Archive for the ‘3D Billboards’ Category

Advertising is going through a metamorphosis and how! These days most advertisers are pushing their creative and outdoor agencies to create eye grabbing installations on billboards or any other outdoor media vehicles. One obvious route used is to create giant replicas of package or other relevant objects. There are many popular ones like Absolut, Mini, Ikea or Heiniken done over the period of time. Check out few of them on Clients in India also desire to have their campaigns dotted with such innovations. But lack of time, prohibitive cost, lack of expertise and impatience makes it a difficult proposition.

In the absence of using such giant replicas or props, is there a way in which the billboard can still be made attractive? Yes, many campaigns we see these days use smart graphic renditions to give a depth to the objects and pictures. Clever use of shadows and perspectives makes the packs or objects that you want to highlight, stand out, and helps grab a better attention from the passing audience. The next pertinent question is, does it come cheap? Ideally not.

Shown below is an artwork where 3D effect is given:

Now guess what’s wrong in it.

Mistake #1:
The shadows by sunrays are sharper than what’s provided here. Probably it was meant for the 3-4 halogen bulbs from the top illuminating the board in the evening. But then half of the sites are illuminated from the bottom! So the shadow should be above the cubes as well!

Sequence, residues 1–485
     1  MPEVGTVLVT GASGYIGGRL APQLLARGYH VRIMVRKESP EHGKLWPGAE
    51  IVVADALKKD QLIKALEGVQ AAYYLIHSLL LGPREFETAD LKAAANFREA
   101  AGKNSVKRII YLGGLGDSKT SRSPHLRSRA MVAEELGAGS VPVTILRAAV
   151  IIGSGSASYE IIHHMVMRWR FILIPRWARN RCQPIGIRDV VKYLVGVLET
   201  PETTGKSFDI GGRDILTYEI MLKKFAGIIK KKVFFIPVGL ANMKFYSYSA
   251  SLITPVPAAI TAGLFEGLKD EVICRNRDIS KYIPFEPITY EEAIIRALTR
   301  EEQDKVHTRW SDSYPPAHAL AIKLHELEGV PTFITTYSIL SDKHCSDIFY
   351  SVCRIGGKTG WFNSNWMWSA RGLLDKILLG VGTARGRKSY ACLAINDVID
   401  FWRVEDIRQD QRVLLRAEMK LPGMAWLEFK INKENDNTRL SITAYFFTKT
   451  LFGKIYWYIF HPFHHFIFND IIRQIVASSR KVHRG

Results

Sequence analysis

Mistake #2:
This is a rampant one. It starts from the fact that outdoor is still an after thought and when a shoot takes place, the stills take care of ads for press and brochures. We all forget that these ads are seen at an eye level, when you hold them in your hand. The problem is the camera angle which are either top, a bird’s eye view or eye-level view. 99% of billboards or any outdoor media vehicle for that matter is at appreciable height. So if the intention is to create a realistic 3D effect of the object then the camera angle has to be from the bottom, i.e. ant view. Therefore if I want to show a car stuck on the board on its side, then I have no option but to show the bottom of the car, which I guess is not a great sight. Unless I stick it sideways with the wheels on the board and the roof outside.

So the artwork below can be considered as a correction to the above artwork:

Mistake #3:
A single artwork with size adaptations takes care of all sites irrespective of size of the board, its height from the ground, its angle to the viewer and the sun position during peak hours. That should never be the case while creating realistic 3D artworks. Each site should be treated separately with all the data of viewing angle, height and position to the sun. Look at the examples of the same campaign. I am sure you will get it.

Yes, creating 3D effect on the artwork itself takes care of lot of hassles and nightmares, but doesn’t come in cheap as it needs special skills, special treatments, softwares and calculations. The advertisers should realize this.

In the end, actual or replicas or props built and installed on billboards give much better appeal, but we can look at this cosmetic option as long as it’s done right.